I've spent an hour searching the regs for any paperwork that says what you can, and cannot, do. I've come to the conclusion that such a clear, concise explanation either doesn't exist, or is so well buried in obfuscation that no sane person would ever find it. It's been extremely frustrating, because the regs by and large don't say much at all about what you can do to any O-M aircraft. The closest i've found is a gazette entry that talks about the O-M category. It does mention "modifying", but does not go into a lot of detail. It does say that modifications to structure, engine, airworthiness would all need to be approved by Transport Canada.

In the case of the Aero-Vee in the Luscombe, to get that approval, you'll need to show why it's safe to make the change... So you'll need a report (that I believe you could prepare yourself) that shows that you believe the new engine has a proven record, that you believe it's weight won't affect the C-of-G in any untoward way, that the fuel system is capable of supplying enough fuel fast enough to feed the engine, etc. Transport will review the report and can either approve or deny the change. If approved they will re-issue your paperwork showing the new engine, and someone will come out to inspect the installation.

Another aspect to this that came apparent to me only recently after discussions with COPA... The reason O-M aircraft can't fly into the US, is because the US considers them to be a greater risk because they are not maintained by qualified personnel (ie., an AME). This is of course in direct conflict with allowing Canadian Amateur-built aircraft into the US, as a growing number are owned and maintained by non-builders. The FAA is apparently very concerned about that state of affairs, but is turning a blind eye to it only as long as Canada doesn't push for any change to the O-M prohibition.

Some US FSDO's issued one-time permits for O-M aircraft to enter the US, but the FAA has since directed them to rescind any such permits and not issue any more... So if anyone makes the move to O-M, they're landlocked in Canada.
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Re: Aerovee in a Luscombe 8a

Post by fleet16b » Tue Apr 16, 2013 5:57 am

AirFrame wrote:
Luscombe wrote:Sorry, I should have clarified that my Luscombe is flying with an owner-maintenance C of A so STC's aren't necessary.
Assuming you're in Canada: Owner maintenance is not a permit to make major airframe or powerplant changes. It is intended to allow owners to maintain their aircraft to the original type certificate in a more economical fashion. It's not like you can't find replacement parts for a Continental engine.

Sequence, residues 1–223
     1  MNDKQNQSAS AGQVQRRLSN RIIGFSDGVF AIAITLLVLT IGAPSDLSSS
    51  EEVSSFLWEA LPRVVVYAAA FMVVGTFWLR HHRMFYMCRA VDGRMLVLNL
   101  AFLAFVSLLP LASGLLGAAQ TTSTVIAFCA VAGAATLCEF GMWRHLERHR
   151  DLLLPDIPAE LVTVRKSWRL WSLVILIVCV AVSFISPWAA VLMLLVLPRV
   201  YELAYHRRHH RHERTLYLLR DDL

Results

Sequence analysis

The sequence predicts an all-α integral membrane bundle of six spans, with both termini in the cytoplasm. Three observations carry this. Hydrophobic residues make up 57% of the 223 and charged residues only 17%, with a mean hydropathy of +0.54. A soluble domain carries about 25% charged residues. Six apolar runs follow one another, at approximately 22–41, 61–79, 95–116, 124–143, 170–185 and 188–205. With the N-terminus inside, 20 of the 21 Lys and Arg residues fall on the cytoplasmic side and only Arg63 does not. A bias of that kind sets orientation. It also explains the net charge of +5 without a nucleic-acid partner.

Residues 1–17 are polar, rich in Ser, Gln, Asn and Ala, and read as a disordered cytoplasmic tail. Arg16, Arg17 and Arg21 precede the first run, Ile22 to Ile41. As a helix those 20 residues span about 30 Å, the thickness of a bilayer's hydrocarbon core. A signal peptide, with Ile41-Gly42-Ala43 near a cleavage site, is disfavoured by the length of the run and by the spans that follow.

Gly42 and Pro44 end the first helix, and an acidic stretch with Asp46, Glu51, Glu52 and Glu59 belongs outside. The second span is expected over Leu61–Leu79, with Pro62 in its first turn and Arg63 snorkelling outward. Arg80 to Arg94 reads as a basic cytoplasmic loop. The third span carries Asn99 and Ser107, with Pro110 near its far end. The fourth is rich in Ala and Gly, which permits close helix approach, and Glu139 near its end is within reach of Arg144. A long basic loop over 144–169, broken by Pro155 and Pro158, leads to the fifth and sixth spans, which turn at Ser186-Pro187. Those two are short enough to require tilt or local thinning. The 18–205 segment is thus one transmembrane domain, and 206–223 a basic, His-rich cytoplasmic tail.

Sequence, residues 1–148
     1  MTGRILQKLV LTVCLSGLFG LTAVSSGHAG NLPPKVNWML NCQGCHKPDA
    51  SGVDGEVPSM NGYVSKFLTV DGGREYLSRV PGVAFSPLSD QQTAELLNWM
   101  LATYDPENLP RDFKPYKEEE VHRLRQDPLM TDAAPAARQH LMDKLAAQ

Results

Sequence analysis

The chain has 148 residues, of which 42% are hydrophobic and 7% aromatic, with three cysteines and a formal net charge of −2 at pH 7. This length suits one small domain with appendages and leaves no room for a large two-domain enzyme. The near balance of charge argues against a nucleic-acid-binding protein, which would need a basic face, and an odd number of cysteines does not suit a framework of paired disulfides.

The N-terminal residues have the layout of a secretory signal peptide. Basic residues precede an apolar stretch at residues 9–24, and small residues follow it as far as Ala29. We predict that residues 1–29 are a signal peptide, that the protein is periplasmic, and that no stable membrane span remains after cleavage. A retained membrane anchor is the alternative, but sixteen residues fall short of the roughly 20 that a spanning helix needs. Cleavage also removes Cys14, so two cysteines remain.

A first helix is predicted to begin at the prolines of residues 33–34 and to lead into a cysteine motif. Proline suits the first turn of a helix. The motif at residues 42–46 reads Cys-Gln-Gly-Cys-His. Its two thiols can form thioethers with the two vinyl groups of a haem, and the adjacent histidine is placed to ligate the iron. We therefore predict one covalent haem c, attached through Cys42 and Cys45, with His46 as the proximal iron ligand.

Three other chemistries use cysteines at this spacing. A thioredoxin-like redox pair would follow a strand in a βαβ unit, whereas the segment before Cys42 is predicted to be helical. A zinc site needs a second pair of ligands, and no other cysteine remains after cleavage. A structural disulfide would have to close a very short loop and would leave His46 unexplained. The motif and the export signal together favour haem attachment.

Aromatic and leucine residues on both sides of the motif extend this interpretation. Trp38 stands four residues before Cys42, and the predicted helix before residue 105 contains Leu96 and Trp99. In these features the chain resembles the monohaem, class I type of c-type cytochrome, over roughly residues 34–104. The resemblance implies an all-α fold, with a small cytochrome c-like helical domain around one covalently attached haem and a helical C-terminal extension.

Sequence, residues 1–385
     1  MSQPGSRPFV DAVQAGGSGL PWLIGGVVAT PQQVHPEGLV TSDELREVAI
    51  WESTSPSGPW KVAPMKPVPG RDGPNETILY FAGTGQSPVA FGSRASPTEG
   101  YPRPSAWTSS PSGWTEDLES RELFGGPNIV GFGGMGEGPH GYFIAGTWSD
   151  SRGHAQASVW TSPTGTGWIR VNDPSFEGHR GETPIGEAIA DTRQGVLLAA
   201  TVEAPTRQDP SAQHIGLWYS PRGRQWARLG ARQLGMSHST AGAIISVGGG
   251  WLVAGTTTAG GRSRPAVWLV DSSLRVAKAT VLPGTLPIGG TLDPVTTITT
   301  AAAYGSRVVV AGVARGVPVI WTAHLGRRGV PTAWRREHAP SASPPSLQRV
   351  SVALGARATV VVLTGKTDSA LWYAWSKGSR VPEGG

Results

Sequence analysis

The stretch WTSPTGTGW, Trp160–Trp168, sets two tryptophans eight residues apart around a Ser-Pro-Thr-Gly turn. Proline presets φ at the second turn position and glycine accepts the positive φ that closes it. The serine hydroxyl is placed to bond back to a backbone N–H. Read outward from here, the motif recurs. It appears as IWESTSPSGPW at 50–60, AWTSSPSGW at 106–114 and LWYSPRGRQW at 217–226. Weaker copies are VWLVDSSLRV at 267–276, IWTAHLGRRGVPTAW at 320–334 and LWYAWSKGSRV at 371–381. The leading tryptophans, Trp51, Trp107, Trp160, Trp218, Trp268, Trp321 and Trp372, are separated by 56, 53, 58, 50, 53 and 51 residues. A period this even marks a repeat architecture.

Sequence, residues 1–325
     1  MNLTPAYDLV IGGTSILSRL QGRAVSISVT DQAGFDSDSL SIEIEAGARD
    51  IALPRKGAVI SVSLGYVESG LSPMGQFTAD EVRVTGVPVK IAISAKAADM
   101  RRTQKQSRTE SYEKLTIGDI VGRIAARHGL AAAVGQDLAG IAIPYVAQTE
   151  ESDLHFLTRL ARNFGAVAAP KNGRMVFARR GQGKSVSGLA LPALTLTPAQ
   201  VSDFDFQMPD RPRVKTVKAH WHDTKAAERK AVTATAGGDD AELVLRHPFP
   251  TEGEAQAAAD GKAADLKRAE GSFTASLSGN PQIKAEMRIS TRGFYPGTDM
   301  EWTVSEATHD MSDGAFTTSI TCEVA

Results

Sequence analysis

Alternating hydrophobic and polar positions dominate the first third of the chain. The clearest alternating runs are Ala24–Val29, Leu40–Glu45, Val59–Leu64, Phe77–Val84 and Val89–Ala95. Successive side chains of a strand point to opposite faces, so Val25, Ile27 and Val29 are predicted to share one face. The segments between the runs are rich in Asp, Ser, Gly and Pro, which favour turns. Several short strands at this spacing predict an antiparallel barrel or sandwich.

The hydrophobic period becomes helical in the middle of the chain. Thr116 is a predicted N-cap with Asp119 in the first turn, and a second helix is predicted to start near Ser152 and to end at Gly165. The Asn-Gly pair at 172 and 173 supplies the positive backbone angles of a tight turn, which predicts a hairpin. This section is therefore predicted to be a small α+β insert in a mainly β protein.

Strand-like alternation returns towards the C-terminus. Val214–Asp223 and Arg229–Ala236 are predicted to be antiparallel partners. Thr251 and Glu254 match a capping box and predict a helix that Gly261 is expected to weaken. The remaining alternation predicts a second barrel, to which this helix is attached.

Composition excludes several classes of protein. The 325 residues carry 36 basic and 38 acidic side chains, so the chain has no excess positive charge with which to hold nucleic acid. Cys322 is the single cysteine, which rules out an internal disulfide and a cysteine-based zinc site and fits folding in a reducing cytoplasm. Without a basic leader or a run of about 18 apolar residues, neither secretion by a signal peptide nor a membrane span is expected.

Wrong !!

I know several owners who went to O/M specifically so that they could re-engine their aircraft and c/out structural mods.
In each this was allowed with no issues .

The O/M category, like the Rec Pilot Permit, was developed with very good intentions but was not thought thru very well.
There are some areas that require improvement for sure.
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Last edited by fleet16b on Tue Apr 16, 2013 6:04 am, edited 1 time in total.

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Re: Aerovee in a Luscombe 8a

Post by AirFrame » Tue Apr 16, 2013 6:03 am

It may have been allowed, but it's not what TC had intended when this program started, and they are concerned about the number of people using O-M to make these mods. Hopefully, it will prove out in the long run that these mods are safe, and there won't be any issues. But it won't take many accidents in modified O-M aircraft before the program gets shut down.
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Re: Aerovee in a Luscombe 8a

Post by fleet16b » Tue Apr 16, 2013 6:12 am

To clarify I have seen several owners go to O/M to re-engine their aircraft with both egnines of larger horse pwr that were not originally intended for the airframe and also install altogether different engines.
The original intention of O/M is one thing but it seems to be used as an outlet for owners to pretty much mod their aircraft in the same way as Amateur Builts but without having to build 51%.
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Re: Aerovee in a Luscombe 8a

Post by fleet16b » Tue Apr 16, 2013 6:19 am

AirFrame wrote:It may have been allowed, but it's not what TC had intended when this program started, and they are concerned about the number of people using O-M to make these mods. Hopefully, it will prove out in the long run that these mods are safe, and there won't be any issues. But it won't take many accidents in modified O-M aircraft before the program gets shut down.
That arguement was used originally with Amateur Built and the Rec Permit also.
Time has showing that in both cases there was no issue.
O/M has been around long enough that it has proven its worth .
We have seen no more issue than any other category.

As for T/C intentions. Some of these mod I speak of were done within the first year of the O/M program
so T/C set the mark right from the start.